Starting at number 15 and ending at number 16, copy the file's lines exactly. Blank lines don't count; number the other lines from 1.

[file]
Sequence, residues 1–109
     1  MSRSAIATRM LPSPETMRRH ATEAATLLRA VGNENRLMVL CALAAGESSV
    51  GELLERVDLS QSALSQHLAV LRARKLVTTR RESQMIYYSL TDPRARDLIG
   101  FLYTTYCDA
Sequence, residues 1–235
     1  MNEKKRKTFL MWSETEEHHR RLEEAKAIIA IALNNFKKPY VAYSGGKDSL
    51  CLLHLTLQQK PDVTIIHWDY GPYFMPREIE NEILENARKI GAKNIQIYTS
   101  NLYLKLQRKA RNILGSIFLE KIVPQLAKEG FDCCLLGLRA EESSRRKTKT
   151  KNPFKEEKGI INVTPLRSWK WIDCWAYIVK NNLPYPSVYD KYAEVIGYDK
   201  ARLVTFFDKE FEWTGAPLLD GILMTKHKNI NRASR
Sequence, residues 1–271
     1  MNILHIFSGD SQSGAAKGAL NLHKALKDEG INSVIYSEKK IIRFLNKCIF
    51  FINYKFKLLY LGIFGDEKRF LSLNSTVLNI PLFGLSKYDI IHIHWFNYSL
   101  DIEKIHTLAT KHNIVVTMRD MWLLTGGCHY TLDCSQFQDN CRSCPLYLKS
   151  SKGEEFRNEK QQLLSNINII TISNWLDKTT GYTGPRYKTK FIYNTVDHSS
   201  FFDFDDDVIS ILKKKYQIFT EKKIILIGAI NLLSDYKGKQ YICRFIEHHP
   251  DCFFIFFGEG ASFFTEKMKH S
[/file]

   151  SKGEEFRNEK QQLLSNINII TISNWLDKTT GYTGPRYKTK FIYNTVDHSS
   201  FFDFDDDVIS ILKKKYQIFT EKKIILIGAI NLLSDYKGKQ YICRFIEHHP